Tintin in America
- Black & white facsimile edition / original version. Hardback.
- Colour facsimile edition / 1945 re-drawn version. Hardback.
- Colour edition / 1945 re-drawn version. Hardback. Paperback.
- Tintin © Hergé/Moulinsart.
Original French title
Tintin en Amerique
First published in Le Petit Vingtième between 3 September 1931 and 20 October 1932.
Published in book form in 1932 (black and white, 120 pages).
Redrawn in 1945 (except page 62, frame 2).
1962 - First UK edition published by Methuen.
1978 - Methuen (London). Translated by Leslie Lonsdale-Cooper and Michael Turner. Colour. 64p. 31cm. ISBN: 0416861202.
1979 - Methuen/Magnet (London). Translated by Leslie Lonsdale-Cooper and Michael Turner. Colour. 64p. 30cm. Paperback. ISBN: 0416875602
1990 - Methuen Children's Books (London). Colour. ISBN: 0416148522.
2004 - Casterman (Bruxelles). Translated by Michael Turner. Black and white facsimile. Hardback. ISBN: 2203797002.
Tintin goes to America, to Chicago, the territory of Al Capone, the world of cowboys and Indians and the Wild West. Undaunted, Tintin and Snowy make their way through hilarity and danger, to yet another triumph of virtue over crime.
- Hergé actually conducted some research to obtain background information on the theme of this story. He consulted L'Histoire des Peaux-Rouges (The History of the Redskins) by Paul Coze.
- Hergé had wanted the story to be about the oppression of the Indians in the United States; however, his boss, Father Wallez, fancied a story about the Chicago crime syndicate that would highlight the corruptness of the United States.
- Finding a publisher for this book in the United States was impossible: even in the mid-1940s, American publishers insisted that Hergé replaced the "coloured" people featured in the comic with white people.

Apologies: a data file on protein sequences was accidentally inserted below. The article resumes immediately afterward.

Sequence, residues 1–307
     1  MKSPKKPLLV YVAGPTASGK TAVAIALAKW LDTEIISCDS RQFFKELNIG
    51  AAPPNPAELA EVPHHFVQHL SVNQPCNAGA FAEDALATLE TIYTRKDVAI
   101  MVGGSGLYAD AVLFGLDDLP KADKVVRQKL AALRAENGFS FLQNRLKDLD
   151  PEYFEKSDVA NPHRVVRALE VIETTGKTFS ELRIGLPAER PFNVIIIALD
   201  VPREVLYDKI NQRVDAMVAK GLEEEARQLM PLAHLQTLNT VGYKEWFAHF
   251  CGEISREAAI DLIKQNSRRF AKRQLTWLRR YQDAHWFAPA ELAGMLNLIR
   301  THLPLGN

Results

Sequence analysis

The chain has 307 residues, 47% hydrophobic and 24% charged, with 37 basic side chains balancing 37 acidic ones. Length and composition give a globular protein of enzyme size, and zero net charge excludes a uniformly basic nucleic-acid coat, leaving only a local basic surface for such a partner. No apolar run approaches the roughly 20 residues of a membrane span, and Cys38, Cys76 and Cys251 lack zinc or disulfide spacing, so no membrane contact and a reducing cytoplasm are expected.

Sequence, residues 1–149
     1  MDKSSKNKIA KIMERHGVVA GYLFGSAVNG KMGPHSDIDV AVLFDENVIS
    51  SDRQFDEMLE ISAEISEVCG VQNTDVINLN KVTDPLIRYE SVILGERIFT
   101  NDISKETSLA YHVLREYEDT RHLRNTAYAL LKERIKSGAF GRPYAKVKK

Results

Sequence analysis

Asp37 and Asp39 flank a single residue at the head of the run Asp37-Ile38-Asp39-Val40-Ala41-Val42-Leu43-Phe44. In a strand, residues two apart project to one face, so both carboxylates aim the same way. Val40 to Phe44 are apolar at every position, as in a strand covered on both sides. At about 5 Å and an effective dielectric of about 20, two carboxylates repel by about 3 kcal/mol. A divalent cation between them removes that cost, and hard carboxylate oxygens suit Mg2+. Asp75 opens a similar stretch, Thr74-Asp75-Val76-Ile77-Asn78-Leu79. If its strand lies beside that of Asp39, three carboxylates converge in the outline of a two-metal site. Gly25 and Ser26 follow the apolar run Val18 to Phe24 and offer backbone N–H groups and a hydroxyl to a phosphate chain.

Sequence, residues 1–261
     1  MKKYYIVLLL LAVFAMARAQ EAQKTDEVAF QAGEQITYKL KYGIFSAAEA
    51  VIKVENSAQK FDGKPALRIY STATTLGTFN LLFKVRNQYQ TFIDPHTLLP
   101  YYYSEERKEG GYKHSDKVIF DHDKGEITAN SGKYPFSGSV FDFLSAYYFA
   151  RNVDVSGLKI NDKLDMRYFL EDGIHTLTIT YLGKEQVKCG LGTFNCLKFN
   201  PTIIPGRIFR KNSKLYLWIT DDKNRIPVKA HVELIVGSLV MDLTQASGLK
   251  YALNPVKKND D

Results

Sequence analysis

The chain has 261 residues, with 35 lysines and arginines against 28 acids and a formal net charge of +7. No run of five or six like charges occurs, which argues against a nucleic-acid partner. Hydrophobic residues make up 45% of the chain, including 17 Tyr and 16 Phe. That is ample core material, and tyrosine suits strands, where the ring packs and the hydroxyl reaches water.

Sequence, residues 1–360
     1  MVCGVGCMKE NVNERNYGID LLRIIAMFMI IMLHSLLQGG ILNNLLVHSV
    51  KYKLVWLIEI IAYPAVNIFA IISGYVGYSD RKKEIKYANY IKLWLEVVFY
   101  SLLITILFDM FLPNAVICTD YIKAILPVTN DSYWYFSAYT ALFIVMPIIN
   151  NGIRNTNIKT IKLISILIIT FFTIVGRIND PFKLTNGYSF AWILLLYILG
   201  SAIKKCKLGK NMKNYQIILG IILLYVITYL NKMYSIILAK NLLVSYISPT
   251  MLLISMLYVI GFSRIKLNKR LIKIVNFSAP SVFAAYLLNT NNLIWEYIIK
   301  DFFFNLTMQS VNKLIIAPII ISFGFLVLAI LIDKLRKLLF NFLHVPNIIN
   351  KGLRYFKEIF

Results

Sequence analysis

- Billy Bolivar was based on Arthur Henning, also known as Arthur Saxon, a professional strongman whose specialty was the one-handed lift. Billy was called "Bolivar (Hippolyte)" in the 1932 edition.
- In the 1945 revised edition, after Tintin puts on Pedro's boots (page 35, frames 1-3), the spurs disappear and the colour of the boots changes to brown (frames 5-6).
- In the 1945 revised edition, in the last panel of page 35, the cowboy who is about to hang Tintin wears a black hat. His hat is a light brown in subsequent scenes on pages 36 and 37. [MT]
- In the 1932 edition, two pig-tailed Chinese men throw Tintin into the lake on the orders of the Head of the Organization of Disordered Gangsters; in the 1945 revision, Tintin is thrown into the lake by the Head of the Organization of Disordered Gangsters and one white henchman.
- In the original French version, the Head of the Distressed Gangsters Association greets Tintin in colloquial English.
Title in other languages:
- Basque - Tintin Ameriketan
- Bengali - Americai Tintin
- Catalan - Tintin a America
- Chinese - 丁丁在美洲 (Dingding zai meizhou) / Hong Kong and Taiwan: 丁丁在美國 (Dingding zai meiguo)
- Czech - Tintin v Americe
- Danish - Tintin i Amerika
- Dutch - Kuifje in Amerika
- Farsi/Persian - Tenten dar Amrika
- Finnish - Tintti Amerikassa
- French - Tintin en Amerique
- Galician - Tintin en America
- German - Tim in Amerika
- Greek - O Tentén stin Amerikí
- Hebrew - Tintin Be' America
- Icelandic - Tinni i Ameriku
- Indonesian - Tintin di Amerika
- Italian - Tintin in America
- Japanese - タンタン アメリカへ Tantan, Amerika he / Tintin America e
- Nowegian - Tintin i Amerika
- Portuguese - Tintim na América
- Spanish - Tintin en America
- Swedish - Tintin i Amerika
- Turkish - Tenten Amerika'da
- Vietnamese - Tintin tren dat niy